Increasing attention has been given to the role of the lysosome in the pathogenesis of disease and tissue injury including shock. Lysosomes were described by de Duve1 in 1955 as biochemically inactive acid hydrolases, surrounded by an intact membrane. If the membrane becomes permeable or disrupted these enzymes are activated. Under certain conditions, concentrated lysosomal preparations can hydrolyse phosphate esters, ribonucleic acid (RNA), and microsomal and mitochondrial membrane components, causing loss of oxidative phosphorylation.2 For these reasons it has been suggested that lysosomes may play a major role in tissue destruction and may be the cause of irreversibility in shock.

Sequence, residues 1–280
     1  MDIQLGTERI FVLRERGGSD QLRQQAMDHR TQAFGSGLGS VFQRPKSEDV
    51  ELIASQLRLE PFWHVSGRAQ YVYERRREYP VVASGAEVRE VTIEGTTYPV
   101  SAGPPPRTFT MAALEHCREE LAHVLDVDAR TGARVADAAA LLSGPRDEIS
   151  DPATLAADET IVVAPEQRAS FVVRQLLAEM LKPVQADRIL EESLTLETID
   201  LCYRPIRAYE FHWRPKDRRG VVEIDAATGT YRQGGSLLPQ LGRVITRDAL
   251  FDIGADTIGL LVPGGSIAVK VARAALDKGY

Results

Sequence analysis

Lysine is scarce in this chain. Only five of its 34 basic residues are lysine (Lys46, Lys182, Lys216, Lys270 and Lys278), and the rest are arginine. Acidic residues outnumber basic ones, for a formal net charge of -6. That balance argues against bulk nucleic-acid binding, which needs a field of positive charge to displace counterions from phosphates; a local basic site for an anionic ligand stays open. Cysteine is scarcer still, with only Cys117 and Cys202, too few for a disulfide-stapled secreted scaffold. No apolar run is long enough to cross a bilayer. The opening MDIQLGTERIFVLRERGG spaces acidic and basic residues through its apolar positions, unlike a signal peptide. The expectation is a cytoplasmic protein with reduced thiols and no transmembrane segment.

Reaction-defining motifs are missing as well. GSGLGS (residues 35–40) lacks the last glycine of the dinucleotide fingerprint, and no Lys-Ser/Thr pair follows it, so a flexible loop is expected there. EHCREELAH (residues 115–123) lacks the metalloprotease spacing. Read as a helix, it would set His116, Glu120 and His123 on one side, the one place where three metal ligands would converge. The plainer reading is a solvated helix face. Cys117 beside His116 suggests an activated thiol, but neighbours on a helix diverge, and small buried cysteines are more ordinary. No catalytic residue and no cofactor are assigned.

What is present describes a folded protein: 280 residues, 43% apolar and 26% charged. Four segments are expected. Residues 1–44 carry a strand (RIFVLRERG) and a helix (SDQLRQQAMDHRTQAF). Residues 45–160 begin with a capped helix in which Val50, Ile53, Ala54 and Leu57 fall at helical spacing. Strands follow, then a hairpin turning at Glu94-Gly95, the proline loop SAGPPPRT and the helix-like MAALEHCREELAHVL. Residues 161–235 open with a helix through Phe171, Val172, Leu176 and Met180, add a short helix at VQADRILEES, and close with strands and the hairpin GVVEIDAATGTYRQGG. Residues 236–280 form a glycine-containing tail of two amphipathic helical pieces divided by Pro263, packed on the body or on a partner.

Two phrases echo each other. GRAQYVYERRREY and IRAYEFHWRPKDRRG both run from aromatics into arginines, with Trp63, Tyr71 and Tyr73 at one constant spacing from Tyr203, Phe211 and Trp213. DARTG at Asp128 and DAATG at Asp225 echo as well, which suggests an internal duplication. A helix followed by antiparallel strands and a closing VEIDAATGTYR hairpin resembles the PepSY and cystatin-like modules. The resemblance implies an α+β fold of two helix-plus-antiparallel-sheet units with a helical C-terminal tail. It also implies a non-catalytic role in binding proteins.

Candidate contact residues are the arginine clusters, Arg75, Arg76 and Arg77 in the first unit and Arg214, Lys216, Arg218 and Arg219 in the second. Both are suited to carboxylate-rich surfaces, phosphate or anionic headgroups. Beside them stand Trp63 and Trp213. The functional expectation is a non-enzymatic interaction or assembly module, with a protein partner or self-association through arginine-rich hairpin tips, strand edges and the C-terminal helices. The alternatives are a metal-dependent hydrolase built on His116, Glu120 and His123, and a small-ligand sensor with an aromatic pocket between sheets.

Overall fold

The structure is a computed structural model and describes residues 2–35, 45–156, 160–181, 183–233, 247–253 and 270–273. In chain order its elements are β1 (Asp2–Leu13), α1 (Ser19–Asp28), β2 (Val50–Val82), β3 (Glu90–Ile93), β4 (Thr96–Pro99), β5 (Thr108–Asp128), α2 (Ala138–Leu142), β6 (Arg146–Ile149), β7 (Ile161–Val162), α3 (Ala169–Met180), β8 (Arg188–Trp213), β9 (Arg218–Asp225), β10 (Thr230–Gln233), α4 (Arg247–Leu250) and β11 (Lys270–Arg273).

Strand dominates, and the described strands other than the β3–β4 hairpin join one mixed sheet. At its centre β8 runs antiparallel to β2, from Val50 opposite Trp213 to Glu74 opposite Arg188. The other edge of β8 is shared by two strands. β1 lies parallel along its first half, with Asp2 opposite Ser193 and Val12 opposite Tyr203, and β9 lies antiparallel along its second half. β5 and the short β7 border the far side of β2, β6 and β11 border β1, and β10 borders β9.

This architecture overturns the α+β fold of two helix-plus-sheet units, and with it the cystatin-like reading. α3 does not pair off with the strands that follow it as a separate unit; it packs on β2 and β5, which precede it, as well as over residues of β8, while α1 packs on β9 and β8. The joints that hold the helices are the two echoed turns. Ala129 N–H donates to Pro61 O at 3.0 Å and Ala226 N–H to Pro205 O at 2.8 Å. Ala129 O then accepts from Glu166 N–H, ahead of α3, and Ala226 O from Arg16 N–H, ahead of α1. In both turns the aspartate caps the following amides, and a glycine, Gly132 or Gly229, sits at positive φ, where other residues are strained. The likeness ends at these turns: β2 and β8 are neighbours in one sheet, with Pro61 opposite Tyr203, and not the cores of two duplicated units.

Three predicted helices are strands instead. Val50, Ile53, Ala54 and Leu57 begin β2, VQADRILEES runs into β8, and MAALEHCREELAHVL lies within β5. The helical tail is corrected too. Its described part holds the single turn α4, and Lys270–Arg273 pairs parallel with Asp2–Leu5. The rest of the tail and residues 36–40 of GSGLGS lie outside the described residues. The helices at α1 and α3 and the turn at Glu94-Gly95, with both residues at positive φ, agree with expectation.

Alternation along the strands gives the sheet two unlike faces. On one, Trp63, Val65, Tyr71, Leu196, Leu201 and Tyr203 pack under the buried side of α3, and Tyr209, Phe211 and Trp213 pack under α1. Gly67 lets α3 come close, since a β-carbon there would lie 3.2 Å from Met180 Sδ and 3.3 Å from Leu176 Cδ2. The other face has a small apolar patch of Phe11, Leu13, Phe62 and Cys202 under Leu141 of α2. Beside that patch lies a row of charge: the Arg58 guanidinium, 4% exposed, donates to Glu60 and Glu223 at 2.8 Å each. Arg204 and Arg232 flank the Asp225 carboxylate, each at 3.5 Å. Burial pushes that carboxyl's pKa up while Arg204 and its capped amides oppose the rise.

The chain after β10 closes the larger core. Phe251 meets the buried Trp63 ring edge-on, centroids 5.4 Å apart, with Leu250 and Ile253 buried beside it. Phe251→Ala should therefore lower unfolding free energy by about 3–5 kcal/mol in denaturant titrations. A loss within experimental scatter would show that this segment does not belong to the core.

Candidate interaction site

Increase of lysosomal enzymes in the cytoplasm has been demonstrated biochemically in genetic muscular dystrophy,3 and shortly after ligation of the blood supply of a liver lobe.4 Slater and Greenbaum,5 however, were unable to detect rapid release of lysosomal enzymes after induction of acute liver necrosis.